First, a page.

Results: This study unveiled a notable shift in Mainland Chinese gamblers’ behavior during the COVID-19 pandemic. A considerable number of participants opted for web-based platforms over traditional land-based casinos, resulting in reduced budgets, less time spent on gambling, and decreased participation in social gambling. Remarkably, there was a notable surge in online gambling, indicating a noteworthy adaptability of gamblers to changing circumstances. These findings emphasize the dynamic nature of gambling habits during global public health emergencies, revealing the resilient and evolving preferences of Mainland Chinese gamblers in response to the challenges posed by the pandemic.

Conclusions: This study highlights the negative impact of the COVID-19 pandemic on casino gambling, notably evident in a significant decline in Mainland Chinese tourists visiting Macau for gambling. There is a noticeable shift from traditional gambling to web-based alternatives, with individuals seeking options within the pandemic constraints. Furthermore, the findings point out an increase in gambling among the younger generation and behavioral changes in individuals with mood disorders. The findings of this study emphasize the critical need for proactive measures to address evolving gambling preferences and associated risks during public health crises; furthermore, these findings underscore the importance of adaptive strategies within the gambling industry, as well as the necessity for effective public health interventions and regulatory frameworks to respond to unprecedented challenges with efficacy and precision.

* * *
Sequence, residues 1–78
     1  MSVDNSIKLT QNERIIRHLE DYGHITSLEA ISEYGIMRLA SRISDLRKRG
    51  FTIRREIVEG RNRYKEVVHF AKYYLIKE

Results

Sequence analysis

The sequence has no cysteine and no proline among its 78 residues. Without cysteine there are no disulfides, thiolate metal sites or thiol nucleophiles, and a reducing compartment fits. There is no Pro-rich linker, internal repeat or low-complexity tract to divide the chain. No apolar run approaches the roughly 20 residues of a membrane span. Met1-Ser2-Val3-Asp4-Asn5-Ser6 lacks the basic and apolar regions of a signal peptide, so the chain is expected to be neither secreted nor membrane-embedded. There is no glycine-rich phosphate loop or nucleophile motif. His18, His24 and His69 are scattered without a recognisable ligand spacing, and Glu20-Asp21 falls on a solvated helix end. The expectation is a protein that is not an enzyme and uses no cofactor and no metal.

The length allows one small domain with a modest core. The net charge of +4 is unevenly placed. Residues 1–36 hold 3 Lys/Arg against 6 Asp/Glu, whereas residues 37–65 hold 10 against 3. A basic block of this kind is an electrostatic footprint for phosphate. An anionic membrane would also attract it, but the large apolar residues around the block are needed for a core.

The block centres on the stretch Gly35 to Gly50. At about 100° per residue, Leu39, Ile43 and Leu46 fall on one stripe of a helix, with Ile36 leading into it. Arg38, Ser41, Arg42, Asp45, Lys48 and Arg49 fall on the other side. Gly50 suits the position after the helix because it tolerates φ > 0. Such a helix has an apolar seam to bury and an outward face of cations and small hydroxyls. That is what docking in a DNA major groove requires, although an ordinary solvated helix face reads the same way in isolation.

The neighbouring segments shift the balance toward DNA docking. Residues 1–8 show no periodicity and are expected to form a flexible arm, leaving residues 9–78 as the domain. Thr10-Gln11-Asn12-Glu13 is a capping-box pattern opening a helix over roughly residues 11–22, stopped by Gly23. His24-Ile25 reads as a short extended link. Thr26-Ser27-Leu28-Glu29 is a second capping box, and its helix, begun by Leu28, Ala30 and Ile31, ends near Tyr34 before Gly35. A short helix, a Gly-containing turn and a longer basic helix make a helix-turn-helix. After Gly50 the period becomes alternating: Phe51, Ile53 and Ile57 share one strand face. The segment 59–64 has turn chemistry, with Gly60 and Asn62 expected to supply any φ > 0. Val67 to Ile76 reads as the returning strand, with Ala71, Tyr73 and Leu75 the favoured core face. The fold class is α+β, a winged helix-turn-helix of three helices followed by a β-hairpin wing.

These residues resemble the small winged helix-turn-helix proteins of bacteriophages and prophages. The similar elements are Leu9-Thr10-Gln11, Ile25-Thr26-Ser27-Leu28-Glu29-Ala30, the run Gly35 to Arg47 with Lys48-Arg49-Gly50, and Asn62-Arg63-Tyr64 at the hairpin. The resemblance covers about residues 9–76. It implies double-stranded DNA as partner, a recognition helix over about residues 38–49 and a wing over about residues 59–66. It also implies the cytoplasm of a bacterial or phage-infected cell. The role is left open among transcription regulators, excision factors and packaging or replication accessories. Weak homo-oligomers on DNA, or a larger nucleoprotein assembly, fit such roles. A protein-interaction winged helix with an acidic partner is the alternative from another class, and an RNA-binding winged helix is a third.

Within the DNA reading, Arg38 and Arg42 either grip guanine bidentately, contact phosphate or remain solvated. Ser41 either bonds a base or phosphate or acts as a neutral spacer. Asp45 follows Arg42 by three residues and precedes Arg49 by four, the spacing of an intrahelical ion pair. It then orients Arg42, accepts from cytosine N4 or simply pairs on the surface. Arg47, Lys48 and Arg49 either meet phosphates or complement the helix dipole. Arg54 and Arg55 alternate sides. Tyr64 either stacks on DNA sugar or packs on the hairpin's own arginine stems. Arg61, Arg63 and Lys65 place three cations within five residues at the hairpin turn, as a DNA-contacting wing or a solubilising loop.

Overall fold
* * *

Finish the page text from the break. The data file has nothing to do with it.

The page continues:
JMIR Form Res 2024;8:e45700




Gambling addiction is widely acknowledged as a significant public health concern [1,2]. Some common types of gambling-related harm include financial difficulties, mental health problems, relationship disruption, emotional distress, cultural harm, and also involvement in criminal activities [3]. In Macau, gambling plays a vital role in driving economic growth, tourism, and job creation. Since 2006, Macau has risen to prominence as the world’s largest gambling market, surpassing Las Vegas [4,5], with Mainland Chinese tourists constituting a substantial 93% of the city's gambling clientele [6]. While this success has undoubtedly contributed significantly to tourism and economic development, it has also brought forth a concerning issue—the rise of gambling addiction among the influx of Chinese tourists. Despite their pivotal role in Macau’s prosperity, the substantial number of Chinese tourists engaging in gambling activities raises pressing concerns regarding the prevalence of problem gambling within this demographic.